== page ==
Tuesday 25 May 2010

More on Plato

After further reflecting on my earlier post on Plato, I think I've identified a little more closely what resonates for me between the Statesman and the object-oriented philosophies of Harman, Latour et al.

The resonance: (pre-Kantian) epistemology. Plato treats knowledge as an object; or, more accurately, as a wide variety of objects to be discerned through division and organised through a procedure of combination (thus mirroring in terms of philosophical method what skills the ideal statesman is supposed to have). It is clear that the Statesman is a product of knowledge - an epistemic being - but this epistemology is unconcerned with whether or how we 'really' know the statesman. Simply, the statesman is both the product of and the holder of a certain kind of stately knowledge. In the Republic we learn the importance of education and calisthenics; presumably these are the methods through which the ideal statesman is to be moulded. He is a construction, in other words; the meeting of knowledge and flesh; of rhetoric and star-jumps! How we know him is a methodological question not one of correlation (at least this is true after Plato gives up searching for the seventh, perfect kind of politics as this serene harmony could only be known to gods - how modest he is!).

So, the statesman is both the holder of the knowledge of (political) weaving and the product of the knowledge of (philosophical) weaving. This is a most important point. Would it be so hard to generalise this lesson - to collapse the structure of the dialogue into a political-philosophical kind of weaving?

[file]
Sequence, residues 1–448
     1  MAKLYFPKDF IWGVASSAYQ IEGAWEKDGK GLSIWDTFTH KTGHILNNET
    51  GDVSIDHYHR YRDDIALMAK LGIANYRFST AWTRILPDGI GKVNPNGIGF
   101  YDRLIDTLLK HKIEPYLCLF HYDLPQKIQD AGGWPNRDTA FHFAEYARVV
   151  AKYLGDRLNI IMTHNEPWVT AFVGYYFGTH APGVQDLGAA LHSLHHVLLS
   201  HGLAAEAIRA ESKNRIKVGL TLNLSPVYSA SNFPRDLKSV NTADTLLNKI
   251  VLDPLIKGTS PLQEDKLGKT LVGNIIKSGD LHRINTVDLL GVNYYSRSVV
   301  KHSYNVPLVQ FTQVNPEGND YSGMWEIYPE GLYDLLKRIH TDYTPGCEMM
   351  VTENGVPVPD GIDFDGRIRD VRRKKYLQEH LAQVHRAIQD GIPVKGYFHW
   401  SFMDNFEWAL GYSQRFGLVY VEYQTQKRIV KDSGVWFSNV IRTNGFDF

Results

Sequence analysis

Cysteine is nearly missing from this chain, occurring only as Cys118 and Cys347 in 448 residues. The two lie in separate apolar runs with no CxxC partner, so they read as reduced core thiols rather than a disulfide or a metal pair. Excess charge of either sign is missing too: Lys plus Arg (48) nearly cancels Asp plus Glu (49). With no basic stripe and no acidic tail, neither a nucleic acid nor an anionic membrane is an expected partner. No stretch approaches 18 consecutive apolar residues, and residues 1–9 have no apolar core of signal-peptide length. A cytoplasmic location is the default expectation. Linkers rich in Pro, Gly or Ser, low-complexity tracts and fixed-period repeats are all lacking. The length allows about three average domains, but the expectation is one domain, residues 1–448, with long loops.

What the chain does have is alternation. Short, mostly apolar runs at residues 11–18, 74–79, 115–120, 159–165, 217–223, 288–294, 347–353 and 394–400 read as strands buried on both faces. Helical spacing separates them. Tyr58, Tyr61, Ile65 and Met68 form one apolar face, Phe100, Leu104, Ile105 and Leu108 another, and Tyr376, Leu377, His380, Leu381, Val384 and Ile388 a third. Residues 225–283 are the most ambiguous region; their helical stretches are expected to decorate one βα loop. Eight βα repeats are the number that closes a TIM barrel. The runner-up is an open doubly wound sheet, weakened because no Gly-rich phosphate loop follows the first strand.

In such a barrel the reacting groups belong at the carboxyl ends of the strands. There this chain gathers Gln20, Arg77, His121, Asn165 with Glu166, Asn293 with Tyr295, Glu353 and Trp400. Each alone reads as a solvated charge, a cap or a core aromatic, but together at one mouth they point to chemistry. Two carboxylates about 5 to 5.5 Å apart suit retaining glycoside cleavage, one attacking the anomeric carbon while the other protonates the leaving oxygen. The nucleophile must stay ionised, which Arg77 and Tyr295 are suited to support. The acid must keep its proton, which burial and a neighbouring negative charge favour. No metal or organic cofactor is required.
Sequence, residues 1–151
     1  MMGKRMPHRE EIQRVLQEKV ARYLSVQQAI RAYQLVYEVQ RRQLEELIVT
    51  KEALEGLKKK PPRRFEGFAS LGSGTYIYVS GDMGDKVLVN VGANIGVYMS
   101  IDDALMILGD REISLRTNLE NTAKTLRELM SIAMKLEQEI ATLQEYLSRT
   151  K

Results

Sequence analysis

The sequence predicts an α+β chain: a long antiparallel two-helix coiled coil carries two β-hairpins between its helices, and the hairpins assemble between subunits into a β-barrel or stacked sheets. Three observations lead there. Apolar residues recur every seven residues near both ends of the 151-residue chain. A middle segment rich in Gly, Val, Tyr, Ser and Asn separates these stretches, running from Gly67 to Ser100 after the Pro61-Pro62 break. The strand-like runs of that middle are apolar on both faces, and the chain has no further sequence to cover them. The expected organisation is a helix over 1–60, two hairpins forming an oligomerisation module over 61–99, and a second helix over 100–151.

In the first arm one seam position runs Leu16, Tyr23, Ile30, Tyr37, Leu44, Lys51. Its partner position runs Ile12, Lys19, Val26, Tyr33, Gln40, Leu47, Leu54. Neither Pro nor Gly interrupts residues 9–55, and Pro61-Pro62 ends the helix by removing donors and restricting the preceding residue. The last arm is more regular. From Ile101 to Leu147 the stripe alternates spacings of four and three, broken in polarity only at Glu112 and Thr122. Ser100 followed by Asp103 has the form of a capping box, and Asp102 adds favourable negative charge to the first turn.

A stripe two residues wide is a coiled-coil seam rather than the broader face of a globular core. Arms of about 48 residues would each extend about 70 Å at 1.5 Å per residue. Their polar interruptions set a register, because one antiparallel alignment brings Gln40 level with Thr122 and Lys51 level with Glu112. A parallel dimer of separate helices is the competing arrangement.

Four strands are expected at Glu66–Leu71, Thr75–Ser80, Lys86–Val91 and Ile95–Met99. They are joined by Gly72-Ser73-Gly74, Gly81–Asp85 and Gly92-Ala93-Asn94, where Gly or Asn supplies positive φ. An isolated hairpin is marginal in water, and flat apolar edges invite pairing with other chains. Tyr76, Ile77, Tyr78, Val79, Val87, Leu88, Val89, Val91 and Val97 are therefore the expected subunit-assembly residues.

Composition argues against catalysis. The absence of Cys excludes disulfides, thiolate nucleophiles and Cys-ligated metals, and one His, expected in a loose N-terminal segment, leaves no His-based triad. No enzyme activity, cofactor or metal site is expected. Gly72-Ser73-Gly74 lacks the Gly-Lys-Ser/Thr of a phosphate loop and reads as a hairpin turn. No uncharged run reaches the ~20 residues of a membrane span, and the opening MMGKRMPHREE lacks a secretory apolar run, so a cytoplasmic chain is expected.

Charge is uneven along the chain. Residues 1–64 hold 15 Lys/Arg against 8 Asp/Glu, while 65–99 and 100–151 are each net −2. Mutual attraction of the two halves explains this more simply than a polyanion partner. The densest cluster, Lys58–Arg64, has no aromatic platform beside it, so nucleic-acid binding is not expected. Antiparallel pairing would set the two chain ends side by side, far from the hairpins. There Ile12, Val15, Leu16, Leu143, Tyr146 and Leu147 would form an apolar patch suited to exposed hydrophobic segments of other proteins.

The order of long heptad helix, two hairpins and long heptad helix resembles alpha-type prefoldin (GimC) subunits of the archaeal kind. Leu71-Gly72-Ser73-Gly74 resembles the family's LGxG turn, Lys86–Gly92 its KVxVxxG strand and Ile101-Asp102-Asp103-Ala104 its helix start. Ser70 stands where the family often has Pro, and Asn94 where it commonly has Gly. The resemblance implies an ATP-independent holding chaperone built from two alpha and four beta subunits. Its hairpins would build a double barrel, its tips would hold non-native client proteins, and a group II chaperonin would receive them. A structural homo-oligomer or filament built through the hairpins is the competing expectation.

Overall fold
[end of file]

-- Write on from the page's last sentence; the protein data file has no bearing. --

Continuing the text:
What I want to take from this dialogue is a more generalised account of political subjectivation that takes the subjectivising powers of knowledge seriously but doesn't reduce the debate to Kantian epistemological questions of correlation. I think the weaving metaphor allows this precisely because it serves as a metaphor on a number of levels - principally as a philosophical method and as a metaphor for the statesman.

Plato shows a fondness elsewhere for imagining the philosopher as the statesman so this parallel shouldn't be surprising; is it all that hard to imagine going one step further and imagining every subject as a political-philosophical weaver? (There is something really rather Whiteheadian in this particular notion.) It seems quite straightforward to me. In fact this is more or less exactly the idea of the subject that we get in ANT - the semi-blind lay metaphysician plodding ever onward, simultaneously weaving and woven; entangled in the heterogeneous web by which it climbs, from which it feeds and of which it is spun. We need only forget the pre-existance of the subject and our work is done.

This I think is the trace of dialectic I find in Latour - the careful, methodical extraction and combination occurring not on the vertical axis of reality (not shuttling back and forth between ideology and nature, for example) but on the horizontal axis - shuttling back and forth between heterogeneous objects of many kinds; many of them epistemic in kind, many of them not.